variables.  Each random variable is a coalescing of random variables
in the original joint distribution.

Parameters
----------
rvs : sequence
A sequence whose elements are also sequences.  Each inner sequence
defines a random variable in the new distribution as a combination
of random variables in the original distribution.  The length of
rvs must be at least one.  The inner sequences need not be
pairwise mutually exclusive with one another, and each can contain
repeated random variables.
rv_mode : str, None
Specifies how to interpret the elements of rvs. Valid options
are: {'indices', 'names'}. If equal to 'indices', then the elements
of rvs are interpreted as random variable indices. If equal to
'names', the the elements are interpreted as random variable names.
If None, then the value of dist._rv_mode is consulted.
extract : bool
If the length of rvs is 1 and extract is True, then instead
of the new outcomes being 1-tuples, we extract the sole element to
create a joint distribution over the random variables in rvs.

Returns
-------
d : distribution
The coalesced distribution.

Examples
--------
If we have a joint distribution d over 3 random variables such as:
A = (X,Y,Z)
and would like a new joint distribution over 6 random variables:
B = (X,Y,Z,X,Y,Z)
then this is achieved as:
>>> B = d.coalesce([[0,1,2,0,1,2]], extract=True)

If you want:
B = ((X,Y), (Y,Z))
Then you do:
>>> B = d.coalesce([[0,1],[1,2]])

Notes
-----
Generally, the outcomes of the new distribution will be tuples instead
of matching the outcome class of the original distribution. This is
because some outcome classes are not recursive containers. For example,
one cannot have a string of strings where each string consists of more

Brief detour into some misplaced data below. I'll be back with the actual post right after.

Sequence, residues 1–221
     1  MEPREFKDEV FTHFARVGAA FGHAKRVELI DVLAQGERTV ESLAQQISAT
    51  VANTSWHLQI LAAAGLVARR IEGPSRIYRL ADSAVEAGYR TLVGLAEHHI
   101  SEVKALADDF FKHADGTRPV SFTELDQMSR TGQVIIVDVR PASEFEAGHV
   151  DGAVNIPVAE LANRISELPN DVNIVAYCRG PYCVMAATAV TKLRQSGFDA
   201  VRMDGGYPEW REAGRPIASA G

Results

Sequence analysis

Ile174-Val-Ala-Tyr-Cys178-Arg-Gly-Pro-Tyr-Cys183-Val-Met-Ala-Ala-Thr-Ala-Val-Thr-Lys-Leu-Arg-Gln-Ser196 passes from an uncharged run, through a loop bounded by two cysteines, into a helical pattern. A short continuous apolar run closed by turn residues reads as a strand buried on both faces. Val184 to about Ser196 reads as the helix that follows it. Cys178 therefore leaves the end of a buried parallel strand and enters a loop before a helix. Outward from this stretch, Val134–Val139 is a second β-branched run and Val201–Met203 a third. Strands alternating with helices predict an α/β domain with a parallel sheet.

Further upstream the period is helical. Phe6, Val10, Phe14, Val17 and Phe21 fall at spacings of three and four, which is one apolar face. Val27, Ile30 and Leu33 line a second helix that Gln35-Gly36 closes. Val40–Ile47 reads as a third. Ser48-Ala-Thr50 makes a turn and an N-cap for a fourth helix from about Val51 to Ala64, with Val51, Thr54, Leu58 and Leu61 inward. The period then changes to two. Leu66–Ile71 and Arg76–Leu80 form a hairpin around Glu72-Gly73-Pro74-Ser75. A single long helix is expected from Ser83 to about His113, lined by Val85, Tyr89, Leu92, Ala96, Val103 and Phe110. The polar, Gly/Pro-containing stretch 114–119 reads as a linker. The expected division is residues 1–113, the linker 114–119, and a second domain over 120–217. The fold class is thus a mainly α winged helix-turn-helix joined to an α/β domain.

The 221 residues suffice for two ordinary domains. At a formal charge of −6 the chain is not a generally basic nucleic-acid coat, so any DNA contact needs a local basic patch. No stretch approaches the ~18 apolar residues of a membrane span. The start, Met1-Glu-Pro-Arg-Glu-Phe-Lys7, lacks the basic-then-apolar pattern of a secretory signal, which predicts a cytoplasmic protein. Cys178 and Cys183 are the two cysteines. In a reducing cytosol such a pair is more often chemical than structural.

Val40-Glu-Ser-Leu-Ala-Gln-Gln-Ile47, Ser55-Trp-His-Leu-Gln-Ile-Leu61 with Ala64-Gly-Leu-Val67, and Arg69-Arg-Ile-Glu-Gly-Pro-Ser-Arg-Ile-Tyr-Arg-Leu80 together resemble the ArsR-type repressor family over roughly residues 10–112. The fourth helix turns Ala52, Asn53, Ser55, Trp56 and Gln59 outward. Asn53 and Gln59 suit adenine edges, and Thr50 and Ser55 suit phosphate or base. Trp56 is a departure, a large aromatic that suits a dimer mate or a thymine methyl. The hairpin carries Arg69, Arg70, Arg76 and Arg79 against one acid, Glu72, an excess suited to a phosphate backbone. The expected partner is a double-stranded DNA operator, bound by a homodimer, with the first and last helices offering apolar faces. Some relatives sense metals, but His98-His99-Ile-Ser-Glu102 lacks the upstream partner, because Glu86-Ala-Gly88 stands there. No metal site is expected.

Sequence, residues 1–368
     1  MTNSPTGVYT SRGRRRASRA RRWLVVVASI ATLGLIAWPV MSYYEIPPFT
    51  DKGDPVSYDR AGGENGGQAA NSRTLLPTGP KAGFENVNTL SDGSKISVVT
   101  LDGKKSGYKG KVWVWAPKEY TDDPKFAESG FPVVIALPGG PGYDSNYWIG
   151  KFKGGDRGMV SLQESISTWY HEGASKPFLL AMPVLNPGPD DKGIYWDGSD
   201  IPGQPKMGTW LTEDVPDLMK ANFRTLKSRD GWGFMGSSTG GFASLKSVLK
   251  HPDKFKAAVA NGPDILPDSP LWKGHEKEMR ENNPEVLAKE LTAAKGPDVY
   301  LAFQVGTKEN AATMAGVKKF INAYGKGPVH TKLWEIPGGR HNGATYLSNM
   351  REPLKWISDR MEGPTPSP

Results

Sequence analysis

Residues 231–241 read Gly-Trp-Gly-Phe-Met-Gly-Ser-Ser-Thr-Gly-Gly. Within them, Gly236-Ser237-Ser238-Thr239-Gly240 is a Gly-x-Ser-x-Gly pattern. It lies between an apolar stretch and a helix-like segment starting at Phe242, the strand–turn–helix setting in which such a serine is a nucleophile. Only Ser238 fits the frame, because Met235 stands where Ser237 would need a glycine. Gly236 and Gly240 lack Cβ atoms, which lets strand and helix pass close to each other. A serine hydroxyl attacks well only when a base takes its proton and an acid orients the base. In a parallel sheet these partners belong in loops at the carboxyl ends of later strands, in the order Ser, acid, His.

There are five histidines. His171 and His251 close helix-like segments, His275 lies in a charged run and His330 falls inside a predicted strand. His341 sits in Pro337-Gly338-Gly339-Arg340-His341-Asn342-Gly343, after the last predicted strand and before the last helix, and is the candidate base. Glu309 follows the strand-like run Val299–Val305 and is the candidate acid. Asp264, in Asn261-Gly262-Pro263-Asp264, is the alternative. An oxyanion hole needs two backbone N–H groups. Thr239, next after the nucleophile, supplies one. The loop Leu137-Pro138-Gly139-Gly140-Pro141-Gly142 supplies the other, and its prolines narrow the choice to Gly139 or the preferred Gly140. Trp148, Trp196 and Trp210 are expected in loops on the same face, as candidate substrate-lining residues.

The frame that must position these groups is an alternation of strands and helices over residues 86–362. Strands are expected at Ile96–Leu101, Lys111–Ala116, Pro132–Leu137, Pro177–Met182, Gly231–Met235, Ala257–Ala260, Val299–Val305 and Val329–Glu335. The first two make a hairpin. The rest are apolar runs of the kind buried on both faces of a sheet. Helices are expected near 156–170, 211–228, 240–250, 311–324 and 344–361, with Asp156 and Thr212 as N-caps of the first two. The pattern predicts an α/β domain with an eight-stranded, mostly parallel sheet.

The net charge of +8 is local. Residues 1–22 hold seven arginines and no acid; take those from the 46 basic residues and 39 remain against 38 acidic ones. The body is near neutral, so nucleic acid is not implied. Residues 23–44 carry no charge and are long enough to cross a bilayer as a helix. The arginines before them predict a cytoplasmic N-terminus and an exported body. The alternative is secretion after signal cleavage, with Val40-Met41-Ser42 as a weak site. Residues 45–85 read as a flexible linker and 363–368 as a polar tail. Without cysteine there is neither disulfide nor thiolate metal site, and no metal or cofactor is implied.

than one character. Note however, that it is perfectly valid to have
a tuple of tuples. Either way, the elements within each tuple of the
new distribution will still match the outcome class of the original
distribution.

--------
marginal, marginalize

"""
from array import array

# We allow repeats and want to keep the order. We don't need the names.
parse = lambda rv: parse_rvs(self, rv, rv_mode=rv_mode,
unique=False, sort=False)
indexes = [parse(rv) for rv in rvs]

# Determine how new outcomes are constructed.
if len(rvs) == 1 and extract:
ctor_o = lambda x: x
else:
ctor_o = tuple
if extract:
raise Exception('Cannot extract with more than one rv.')

# Determine how elements of new outcomes are constructed.
ctor_i = self._outcome_ctor

# Build the distribution.
factory = lambda: array('d')
d = defaultdict(factory)
for outcome, p in self.zipped():
# Build a list of inner outcomes. "c" stands for "constructed".
c_outcome = [ctor_i([outcome[i] for i in rv]) for rv in indexes]
# Build the outer outcome from the inner outcomes.
c_outcome = ctor_o(c_outcome)
d[c_outcome].append(p)

outcomes = tuple(d.keys())
pmf = map(np.frombuffer, d.values())
pmf = tuple(pmf)

# Preserve the sample space during coalescing.
sample_spaces = [self._sample_space.coalesce([idxes], extract=True)
for idxes in indexes]
if isinstance(self._sample_space, CartesianProduct):
sample_space = CartesianProduct(sample_spaces,
product=itertools.product)
if extract:
sample_space = sample_space.alphabets
else:
if extract:
# There is only one sample space: len(indexes) = 1
sample_space = sample_spaces
else:
sample_space = list(zip(*sample_spaces))

d = Distribution(outcomes, pmf,
base=self.get_base(),
sort=True,
sample_space=sample_space,
sparse=self.is_sparse(),
validate=False)

# We do not set the rv names, since these are new random variables.

L = len(indexes)
d._mask = tuple(False for _ in range(L))

return d

[docs]    def condition_on(self, crvs, rvs=None, rv_mode=None, extract=False):
"""
Returns distributions conditioned on random variables crvs.

Optionally, rvs specifies which random variables should remain.

NOTE: Eventually this will return a conditional distribution.

Parameters
----------
crvs : list
The random variables to condition on.
rvs : list, None
The random variables for the resulting conditional distributions.
Any random variable not represented in the union of crvs and
rvs will be marginalized. If None, then every random
variable not appearing in crvs is used.
rv_mode : str, None
Specifies how to interpret crvs and rvs. Valid options are:
{'indices', 'names'}. If equal to 'indices', then the elements
of crvs and rvs are interpreted as random variable indices.
If equal to 'names', the the elements are interpreted as random
varible names. If None, then the value of self._rv_mode is
consulted, which defaults to 'indices'.
extract : bool
If the length of either crvs or rvs is 1 and extract is
True, then instead of the new outcomes being 1-tuples, we
extract the sole element to create scalar distributions.

Returns
-------
cdist : dist